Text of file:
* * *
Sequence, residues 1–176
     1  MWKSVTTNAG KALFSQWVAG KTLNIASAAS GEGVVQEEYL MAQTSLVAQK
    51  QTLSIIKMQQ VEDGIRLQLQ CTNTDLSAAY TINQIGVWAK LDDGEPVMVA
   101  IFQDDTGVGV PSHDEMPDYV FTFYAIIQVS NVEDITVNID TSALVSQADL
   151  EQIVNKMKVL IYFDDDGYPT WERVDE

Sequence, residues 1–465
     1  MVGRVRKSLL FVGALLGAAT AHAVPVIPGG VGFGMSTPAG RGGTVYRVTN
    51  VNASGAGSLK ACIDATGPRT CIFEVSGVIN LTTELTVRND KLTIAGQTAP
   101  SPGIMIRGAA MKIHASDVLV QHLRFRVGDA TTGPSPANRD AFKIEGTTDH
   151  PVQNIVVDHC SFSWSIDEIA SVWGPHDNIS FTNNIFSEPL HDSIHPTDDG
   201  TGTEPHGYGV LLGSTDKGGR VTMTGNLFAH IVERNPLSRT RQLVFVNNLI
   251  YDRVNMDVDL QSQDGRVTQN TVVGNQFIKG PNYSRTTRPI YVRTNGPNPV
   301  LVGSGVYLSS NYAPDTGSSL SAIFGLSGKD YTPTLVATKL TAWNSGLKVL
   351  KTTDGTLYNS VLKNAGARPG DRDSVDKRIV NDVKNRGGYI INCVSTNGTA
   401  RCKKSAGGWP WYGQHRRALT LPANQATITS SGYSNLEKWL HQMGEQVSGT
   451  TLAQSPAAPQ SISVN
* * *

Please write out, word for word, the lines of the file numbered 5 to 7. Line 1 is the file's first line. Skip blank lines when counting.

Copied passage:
   151  EQIVNKMKVL IYFDDDGYPT WERVDE

Sequence, residues 1–465
     1  MVGRVRKSLL FVGALLGAAT AHAVPVIPGG VGFGMSTPAG RGGTVYRVTN